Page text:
Only 22, Trouba has already played a significant top-four role for the Jets and should continue to. His production has dipped each year after his standout rookie season when he had 29 points in 65 games, but Trouba’s all-around game keeps him in the mix as a significant contributor to the team.
The team has to be a little careful here, but the former No. 7 overall pick has been mostly living up to expectations. Since he’s coming off of a season that may not have been his best, a short-term bridge deal makes sense. There’s always a risk that it kills the team later, but that may end up being the best route.
Trouba’s agent is Kurt Overhardt, who is a veteran of some tense RFA negotiations – most notably with Ryan Johansen and the Columbus Blue Jackets a few years back. The Trouba negotiations have been kept much quieter, though.
This is a tricky one for both sides. If Trouba is willing to bet on himself, taking the bridge and trying to force the Jets to pay big later might put him ahead financially in the long run.
5. Buffalo Sabres
One of the quieter unsigned RFAs this offseason, at least on the national scene, is Rasmus Ristolainen. He had 41 points last season while flying under the radar in Buffalo. The big Finnish defenseman has taken steps forward each season he’s been in the league and was used like a No. 1 last season. The question is, does Buffalo see him as their long-term No. 1?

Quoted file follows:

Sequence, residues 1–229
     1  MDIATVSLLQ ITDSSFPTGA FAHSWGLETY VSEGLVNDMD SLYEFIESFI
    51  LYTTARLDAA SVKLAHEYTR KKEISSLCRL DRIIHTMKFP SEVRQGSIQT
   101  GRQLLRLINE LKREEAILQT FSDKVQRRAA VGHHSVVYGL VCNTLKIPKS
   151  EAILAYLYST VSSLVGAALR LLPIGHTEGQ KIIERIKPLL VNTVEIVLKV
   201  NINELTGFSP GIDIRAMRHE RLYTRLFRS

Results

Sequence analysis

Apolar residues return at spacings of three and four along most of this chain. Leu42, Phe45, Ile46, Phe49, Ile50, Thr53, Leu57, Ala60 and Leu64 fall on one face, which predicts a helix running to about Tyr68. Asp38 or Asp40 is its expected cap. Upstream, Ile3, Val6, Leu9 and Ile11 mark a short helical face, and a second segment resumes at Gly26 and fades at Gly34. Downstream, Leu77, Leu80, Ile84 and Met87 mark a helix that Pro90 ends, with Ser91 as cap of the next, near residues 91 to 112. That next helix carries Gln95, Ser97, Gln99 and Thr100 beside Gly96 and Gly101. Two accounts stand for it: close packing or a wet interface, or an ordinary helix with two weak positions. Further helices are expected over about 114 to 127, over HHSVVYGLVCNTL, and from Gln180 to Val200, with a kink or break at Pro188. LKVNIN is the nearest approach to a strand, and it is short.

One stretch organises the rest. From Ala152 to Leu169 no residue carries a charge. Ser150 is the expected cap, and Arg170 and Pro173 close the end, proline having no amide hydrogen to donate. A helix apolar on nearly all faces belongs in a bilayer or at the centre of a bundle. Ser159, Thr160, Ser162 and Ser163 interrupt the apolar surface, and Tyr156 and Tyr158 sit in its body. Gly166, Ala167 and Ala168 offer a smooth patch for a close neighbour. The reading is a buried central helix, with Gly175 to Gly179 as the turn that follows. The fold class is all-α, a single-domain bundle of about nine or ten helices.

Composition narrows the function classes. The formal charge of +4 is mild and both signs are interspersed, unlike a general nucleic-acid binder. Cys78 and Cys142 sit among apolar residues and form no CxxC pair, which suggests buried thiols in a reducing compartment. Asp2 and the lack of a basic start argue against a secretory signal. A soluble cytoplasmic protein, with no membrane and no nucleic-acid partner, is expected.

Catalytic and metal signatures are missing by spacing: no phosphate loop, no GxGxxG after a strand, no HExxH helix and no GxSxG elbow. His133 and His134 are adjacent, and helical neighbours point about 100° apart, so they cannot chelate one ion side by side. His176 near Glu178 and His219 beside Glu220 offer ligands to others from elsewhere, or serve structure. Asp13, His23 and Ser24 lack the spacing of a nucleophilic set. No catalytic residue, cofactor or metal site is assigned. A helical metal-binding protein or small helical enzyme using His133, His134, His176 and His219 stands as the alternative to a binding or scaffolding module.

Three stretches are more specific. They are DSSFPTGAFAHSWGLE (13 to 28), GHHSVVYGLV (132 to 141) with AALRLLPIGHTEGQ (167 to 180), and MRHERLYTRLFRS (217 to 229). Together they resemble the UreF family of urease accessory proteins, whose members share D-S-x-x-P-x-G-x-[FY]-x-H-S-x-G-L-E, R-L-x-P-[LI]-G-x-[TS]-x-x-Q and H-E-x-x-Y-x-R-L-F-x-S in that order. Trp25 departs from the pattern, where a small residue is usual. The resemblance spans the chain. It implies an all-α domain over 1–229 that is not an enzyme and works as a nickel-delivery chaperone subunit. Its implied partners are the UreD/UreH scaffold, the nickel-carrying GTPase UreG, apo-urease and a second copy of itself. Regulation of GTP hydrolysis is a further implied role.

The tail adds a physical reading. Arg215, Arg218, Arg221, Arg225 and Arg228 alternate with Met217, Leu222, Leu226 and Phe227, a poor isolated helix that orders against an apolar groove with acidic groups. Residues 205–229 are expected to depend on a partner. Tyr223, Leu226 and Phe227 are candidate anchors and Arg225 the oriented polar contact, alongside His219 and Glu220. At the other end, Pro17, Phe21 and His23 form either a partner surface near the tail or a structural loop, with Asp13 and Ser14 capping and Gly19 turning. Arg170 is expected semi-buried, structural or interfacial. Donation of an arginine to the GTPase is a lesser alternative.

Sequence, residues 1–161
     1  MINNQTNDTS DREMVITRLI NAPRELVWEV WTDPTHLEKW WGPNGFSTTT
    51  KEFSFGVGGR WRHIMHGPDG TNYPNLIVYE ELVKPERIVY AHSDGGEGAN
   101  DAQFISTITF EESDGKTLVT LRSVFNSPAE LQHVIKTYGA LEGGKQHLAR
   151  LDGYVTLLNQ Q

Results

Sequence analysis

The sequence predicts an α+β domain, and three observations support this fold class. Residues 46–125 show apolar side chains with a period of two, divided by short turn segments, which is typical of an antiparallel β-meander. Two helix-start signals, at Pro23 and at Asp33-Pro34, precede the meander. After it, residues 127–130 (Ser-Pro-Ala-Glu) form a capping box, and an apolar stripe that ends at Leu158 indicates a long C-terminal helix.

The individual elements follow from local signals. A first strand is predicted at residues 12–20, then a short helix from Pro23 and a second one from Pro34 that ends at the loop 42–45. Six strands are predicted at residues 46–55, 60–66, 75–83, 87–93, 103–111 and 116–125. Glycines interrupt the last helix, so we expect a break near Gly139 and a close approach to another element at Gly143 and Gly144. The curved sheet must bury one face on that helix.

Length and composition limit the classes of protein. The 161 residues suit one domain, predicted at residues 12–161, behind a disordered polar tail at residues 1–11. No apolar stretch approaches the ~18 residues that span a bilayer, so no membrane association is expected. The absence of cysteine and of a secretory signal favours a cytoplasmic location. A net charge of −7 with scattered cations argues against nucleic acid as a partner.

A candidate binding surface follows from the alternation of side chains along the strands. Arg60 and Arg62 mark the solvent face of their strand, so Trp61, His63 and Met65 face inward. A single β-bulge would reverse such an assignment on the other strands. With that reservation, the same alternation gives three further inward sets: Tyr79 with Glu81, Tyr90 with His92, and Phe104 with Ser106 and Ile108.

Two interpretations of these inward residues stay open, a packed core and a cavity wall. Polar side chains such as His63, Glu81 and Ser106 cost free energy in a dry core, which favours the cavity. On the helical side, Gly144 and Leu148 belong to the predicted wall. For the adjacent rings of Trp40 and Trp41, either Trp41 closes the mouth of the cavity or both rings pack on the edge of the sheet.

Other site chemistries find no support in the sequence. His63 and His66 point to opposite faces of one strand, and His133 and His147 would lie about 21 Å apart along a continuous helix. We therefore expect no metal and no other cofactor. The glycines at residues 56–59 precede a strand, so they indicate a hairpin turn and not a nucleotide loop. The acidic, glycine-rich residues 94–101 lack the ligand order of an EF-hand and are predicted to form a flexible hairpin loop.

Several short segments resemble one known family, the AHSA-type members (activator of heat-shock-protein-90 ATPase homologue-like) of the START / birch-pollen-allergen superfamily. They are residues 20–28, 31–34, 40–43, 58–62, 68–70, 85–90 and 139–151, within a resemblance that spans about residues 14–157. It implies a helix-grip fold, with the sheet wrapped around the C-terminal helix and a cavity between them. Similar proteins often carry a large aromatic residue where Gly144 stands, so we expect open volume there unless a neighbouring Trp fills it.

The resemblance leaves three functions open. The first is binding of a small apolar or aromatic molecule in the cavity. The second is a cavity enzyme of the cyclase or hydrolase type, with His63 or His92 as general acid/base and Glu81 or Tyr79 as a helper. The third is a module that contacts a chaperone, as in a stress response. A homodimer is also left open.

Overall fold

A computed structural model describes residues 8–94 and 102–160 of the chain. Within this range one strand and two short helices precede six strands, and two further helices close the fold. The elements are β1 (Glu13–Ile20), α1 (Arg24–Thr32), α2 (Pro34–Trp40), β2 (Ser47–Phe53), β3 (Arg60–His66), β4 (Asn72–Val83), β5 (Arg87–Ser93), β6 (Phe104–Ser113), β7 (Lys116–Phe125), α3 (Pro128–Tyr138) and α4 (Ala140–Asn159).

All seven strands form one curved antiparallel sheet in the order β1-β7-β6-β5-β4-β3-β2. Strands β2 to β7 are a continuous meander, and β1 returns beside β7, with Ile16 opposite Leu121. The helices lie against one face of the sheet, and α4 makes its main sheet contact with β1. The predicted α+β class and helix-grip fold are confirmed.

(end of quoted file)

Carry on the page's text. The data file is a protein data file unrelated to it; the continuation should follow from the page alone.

While Ristolainen’s point production was great last year, his possession numbers were not. Coach Dan Bylsma has already said he plans to lower the number of minutes the Finnish blueliner plays to try and help maximize his abilities.
The team doesn’t have the luxury of seeing if Bylsma’s theory will work before having to work out a contract with Ristolainen. On top of that, the big blueliner is going to play for Finland at the World Cup. So like everyone else on this list, they’re running out of runway to get this done before it interferes with the preseason.
The Sabres have plenty of cap space for next season, even though they also have to re-sign RFA Zemgus Girgensons, too. It shouldn’t be a problem for the Sabres, but getting the term right on Ristolainen’s next contract is important.
The team also has to consider that they’re two years away from the inevitable monster contract for Jack Eichel and another big one for Sam Reinhart. Additionally, goaltender Robin Lehner will be needing a new deal after next season.
With all of that said, Ristolainen is young and the Sabres are shallower on the blue line, both at the NHL level and in their prospect system currently. He’s the future. If they can get a decent rate on a longer-term deal, it’s probably a risk worth taking.
Other notable RFAs who remain unsigned: Tobias Rieder (Arizona Coyotes), Valeri Nichushkin (Dallas Stars), Dmitry Orlov (Washington Capitals) and Ryan Strome (New York Islanders).
Source: CBS Sports / Flames, Sabres among 5 teams still trying to sign key RFAs as preseason nears